Anna Tylor

Michael Gove’s climb down over the English Baccalaureate has been widely welcomed, by organisations across education who have a range of concerns about the introduction of a new ways of examining children’s academic abilities.

The government may have brushed this off as a “tweak” to their plans with more rigour planned for the existing system of GCSE’s, but the reality is that this provides a breathing space in a break neck approach to reform which has not taken account until now, of the concerns of professionals. Let us hope that this is the moment.

The speed, at which educational reform has moved over the last couple of years, has been fast paced to say the least, with proposed improvements coming thick and fast. What has always concerned those working within the educational arena is that government listen to our judgements, because while we share an aspiration with government to raise all standards for children, we are uniquely placed in our experience to offer ways and means to do this in a way that government is not.

One of the major concerns that remain, is how government plan to deal with GCSE results inflation without disadvantaging the many children with learning difficulties. Mr Gove’s avowed aim that spelling and grammar be taken into account in the marking of exam papers will severely disadvantage the huge numbers of children with dyslexia or with literacy difficulties whose difficulties teachers often struggle with because of the inadequacies in their own training. It remains the case that by the government’s own research finding, teachers don't feel confident in this area of their work because of limited training input and practice. At the same time Mr Gove wants to see children assessed on their literacy standards, he has taken no strategic lead in doing anything to help teachers improve the situation and it is unlikely that the universities who deliver teacher training will take the lead either as they wrestle with a crowded curriculum.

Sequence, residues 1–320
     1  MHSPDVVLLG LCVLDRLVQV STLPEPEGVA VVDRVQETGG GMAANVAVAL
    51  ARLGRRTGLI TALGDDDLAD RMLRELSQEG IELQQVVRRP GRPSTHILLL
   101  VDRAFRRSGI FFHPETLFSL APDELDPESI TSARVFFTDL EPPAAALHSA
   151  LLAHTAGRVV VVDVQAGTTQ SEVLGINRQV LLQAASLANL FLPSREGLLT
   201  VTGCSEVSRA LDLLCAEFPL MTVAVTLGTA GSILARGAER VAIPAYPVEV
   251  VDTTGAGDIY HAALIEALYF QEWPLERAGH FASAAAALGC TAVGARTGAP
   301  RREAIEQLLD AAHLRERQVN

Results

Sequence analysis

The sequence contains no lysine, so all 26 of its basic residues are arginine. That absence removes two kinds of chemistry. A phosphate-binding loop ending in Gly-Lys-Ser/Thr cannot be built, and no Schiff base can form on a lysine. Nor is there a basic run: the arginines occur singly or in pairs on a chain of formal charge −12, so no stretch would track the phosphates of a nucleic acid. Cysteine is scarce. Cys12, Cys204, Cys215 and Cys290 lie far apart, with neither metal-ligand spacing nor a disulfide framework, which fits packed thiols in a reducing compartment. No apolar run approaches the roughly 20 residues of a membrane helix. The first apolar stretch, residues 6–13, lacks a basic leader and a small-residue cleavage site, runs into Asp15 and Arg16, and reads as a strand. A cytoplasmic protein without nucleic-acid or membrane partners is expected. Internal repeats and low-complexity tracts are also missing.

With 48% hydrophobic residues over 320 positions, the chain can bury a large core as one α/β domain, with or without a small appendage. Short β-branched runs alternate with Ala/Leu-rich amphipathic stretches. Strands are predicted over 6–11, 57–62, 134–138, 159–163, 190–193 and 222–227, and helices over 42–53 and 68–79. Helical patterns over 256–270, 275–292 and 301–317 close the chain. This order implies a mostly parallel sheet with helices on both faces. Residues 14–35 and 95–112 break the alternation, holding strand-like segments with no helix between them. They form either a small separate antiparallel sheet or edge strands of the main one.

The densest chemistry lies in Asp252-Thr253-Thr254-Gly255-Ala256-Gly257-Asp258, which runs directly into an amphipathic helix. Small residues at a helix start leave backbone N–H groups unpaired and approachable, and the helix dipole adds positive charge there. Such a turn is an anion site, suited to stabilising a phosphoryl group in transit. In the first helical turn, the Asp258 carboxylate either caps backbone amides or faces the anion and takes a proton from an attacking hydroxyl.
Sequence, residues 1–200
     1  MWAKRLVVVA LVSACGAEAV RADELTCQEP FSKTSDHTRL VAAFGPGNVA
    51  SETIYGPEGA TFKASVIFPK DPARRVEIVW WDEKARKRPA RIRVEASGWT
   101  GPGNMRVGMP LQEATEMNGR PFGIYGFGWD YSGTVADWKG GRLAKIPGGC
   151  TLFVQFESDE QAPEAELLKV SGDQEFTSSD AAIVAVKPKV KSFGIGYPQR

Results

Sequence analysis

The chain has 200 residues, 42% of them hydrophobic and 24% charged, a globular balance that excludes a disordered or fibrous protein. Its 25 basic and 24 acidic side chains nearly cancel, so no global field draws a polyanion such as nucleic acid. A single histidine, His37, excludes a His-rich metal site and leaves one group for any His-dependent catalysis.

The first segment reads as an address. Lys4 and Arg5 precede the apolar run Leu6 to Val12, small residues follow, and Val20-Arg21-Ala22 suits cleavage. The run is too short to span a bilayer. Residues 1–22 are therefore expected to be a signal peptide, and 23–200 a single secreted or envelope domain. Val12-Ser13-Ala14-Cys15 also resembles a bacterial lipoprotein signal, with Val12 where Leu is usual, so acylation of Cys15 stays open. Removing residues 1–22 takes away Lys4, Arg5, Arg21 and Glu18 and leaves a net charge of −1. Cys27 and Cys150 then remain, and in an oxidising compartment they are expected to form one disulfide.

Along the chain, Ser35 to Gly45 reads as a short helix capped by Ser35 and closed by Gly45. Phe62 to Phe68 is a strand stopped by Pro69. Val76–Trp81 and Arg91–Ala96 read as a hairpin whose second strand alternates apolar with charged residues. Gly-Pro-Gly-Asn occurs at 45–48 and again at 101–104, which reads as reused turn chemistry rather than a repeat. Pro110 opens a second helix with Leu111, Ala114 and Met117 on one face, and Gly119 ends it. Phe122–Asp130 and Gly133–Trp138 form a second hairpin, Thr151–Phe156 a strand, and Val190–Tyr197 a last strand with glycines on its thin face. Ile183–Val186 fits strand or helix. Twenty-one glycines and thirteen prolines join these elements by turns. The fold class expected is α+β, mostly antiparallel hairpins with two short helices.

In his haste to see a sea change for the better, Mr Gove has put the cart before the horse. This retreat from an unpopular plan, is a moment to consider whether it might not be better to do it the other way around and put the horse in front of the cart. If the journey towards improved outcomes is to progress with any pace at all, it would seem sensible to take account of the available evidence and make a plan that starts with a clear vision of high achieving school leavers and a plan that describes how this is to be done, starting with getting all the nation’s children reading and writing. Perhaps this really is the moment to go back to basics.